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Oxidation #'s in [Re2Cl9]2-

  1. Apr 24, 2007 #1
    Sorry about no latex, when I try using latex my formulas just wind up as a link
    that says "LaTeX graphic is being generated. Reload this page in a moment."

    Anyway, I was trying to balance a redox equation and I am completely stumped
    as to how:


    can be possible. I'm aware that some arrangements can cause the same atoms
    in an ion to have different oxidation numbers, but I can't seem to figure out how
    that molecule can exist under any arrangement. Any hints would be appreciated
  2. jcsd
  3. Apr 24, 2007 #2


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    To help with latex, ive seen that message when i try to preview a post but if i actually make a post then it will show up. Sometimes I make an error in my latex and i can just edit it real fast. Just try to post some latex and not preview see if that works.
  4. Apr 24, 2007 #3


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    unless you get this error then you really did something wrong
    [tex] \LATEX [/tex]
  5. Apr 24, 2007 #4
    Ok, I'll test it by quoting someone that used it sucessfully.

    [tex]^{33}_{17}Cl^{16}\xrightarrow{n,n}~^{31}_{15}P^{16 }+~^4_2He^2[/tex]
  6. Apr 24, 2007 #5


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    There You Go. Now see if you can edit your first post with some good code!
    Im looking forward to your work!

    Edit: You the man
    Last edited: Apr 24, 2007
  7. Apr 24, 2007 #6
    [tex]{ReCl}_5} + {{H_2}O}[/tex]
    [tex]{Re_2}{Cl_9}^{2-} + {ReO_4^-} + {Cl^-} + {H^+}[/tex]
    Last edited: Apr 24, 2007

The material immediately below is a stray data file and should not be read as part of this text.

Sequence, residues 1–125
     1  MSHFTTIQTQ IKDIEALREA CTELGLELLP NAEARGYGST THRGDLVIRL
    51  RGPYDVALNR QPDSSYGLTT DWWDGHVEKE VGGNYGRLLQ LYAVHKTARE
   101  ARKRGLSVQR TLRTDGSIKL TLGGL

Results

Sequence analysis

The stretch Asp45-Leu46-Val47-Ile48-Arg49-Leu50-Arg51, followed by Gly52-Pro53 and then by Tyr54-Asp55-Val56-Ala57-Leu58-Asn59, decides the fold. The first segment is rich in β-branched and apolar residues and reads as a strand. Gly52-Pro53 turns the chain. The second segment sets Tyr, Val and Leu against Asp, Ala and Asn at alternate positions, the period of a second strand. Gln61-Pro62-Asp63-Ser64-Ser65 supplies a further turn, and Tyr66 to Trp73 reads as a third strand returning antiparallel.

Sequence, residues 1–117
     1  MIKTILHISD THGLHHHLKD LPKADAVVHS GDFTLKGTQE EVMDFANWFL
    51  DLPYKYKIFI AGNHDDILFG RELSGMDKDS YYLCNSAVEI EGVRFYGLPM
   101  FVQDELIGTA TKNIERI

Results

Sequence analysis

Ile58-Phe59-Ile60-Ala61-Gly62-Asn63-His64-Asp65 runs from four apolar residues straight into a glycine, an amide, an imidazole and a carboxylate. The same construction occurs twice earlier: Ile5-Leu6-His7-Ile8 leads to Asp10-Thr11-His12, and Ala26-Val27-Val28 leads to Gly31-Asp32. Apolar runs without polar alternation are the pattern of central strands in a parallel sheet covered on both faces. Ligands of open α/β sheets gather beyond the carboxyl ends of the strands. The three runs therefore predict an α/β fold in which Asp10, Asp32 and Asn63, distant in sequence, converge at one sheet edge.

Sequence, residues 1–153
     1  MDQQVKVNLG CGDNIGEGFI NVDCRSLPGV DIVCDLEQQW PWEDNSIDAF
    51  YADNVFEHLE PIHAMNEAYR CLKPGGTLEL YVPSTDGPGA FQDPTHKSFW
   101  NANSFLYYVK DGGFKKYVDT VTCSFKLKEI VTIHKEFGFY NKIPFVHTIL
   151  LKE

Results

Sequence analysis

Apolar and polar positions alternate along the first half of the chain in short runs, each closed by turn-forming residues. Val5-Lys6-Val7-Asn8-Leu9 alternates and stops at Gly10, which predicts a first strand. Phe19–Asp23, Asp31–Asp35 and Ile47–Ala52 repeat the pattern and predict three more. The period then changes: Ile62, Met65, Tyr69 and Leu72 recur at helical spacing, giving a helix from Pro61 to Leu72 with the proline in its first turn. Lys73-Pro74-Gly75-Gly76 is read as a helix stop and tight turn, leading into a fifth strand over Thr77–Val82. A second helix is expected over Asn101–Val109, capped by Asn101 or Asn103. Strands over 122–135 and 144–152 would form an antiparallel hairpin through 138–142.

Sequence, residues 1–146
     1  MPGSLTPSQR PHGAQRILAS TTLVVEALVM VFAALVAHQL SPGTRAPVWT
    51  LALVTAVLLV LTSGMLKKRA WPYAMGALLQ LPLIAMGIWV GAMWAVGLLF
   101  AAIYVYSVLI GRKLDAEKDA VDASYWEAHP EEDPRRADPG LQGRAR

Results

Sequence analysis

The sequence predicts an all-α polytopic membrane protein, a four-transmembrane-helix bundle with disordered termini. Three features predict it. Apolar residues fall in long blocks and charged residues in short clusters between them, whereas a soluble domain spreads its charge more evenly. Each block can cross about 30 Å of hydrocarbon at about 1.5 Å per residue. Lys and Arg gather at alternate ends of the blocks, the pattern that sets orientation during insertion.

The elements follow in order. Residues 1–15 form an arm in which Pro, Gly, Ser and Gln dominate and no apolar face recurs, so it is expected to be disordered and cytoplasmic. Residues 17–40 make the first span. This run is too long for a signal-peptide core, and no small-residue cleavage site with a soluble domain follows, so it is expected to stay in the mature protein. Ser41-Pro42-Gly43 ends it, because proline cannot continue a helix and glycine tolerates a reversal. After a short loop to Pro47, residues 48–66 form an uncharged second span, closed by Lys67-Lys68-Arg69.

8. Apr 24, 2007 #7


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    Science Advisor

    It's possible for atoms to have a charge that isn't a whole number, or the number can be very different from what is expected. For example, what is carbon monoxide, CO? Does the oxygen have 4 bonds? Does the carbon have 2 bonds? Do they compromise to make 3 bonds each? (edit: I looked it up and yes they make 3 bonds each).
    The number of bonds between atoms or groups of atoms is called the Bond Order.
    From that link "A good example of this is bonds between carbon in the molecule benzene where the delocalized molecular orbitals contain 6 pi electrons over six carbons essentially yielding half a pi bond. Together with the sigma bond the bond order is 1.5"

    Is it possible that Re has a bond order of 3.5? Sure, why not? :smile:
    Last edited: Apr 24, 2007
  9. Apr 24, 2007 #8
    Ok, finally figured it out above. I am trying to balance this equation, and in order to break it into half reactions, I need to know the ox #'s of each atom to see which is the reduction half and which is the ox half. If the Re is 3.5 like you say, then am I on the right track that the oxidation half reaction is:
    2 ReCl5 + 3e- --> [tex]{Re_2}{Cl_9}^{2-}[/tex]

    edit: sorry, I mean reduction half
  10. Apr 25, 2007 #9


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    Staff: Mentor

    The best approach is to assume that oxidation numbers are just an accounting device and they don't refer to any real chemical property.
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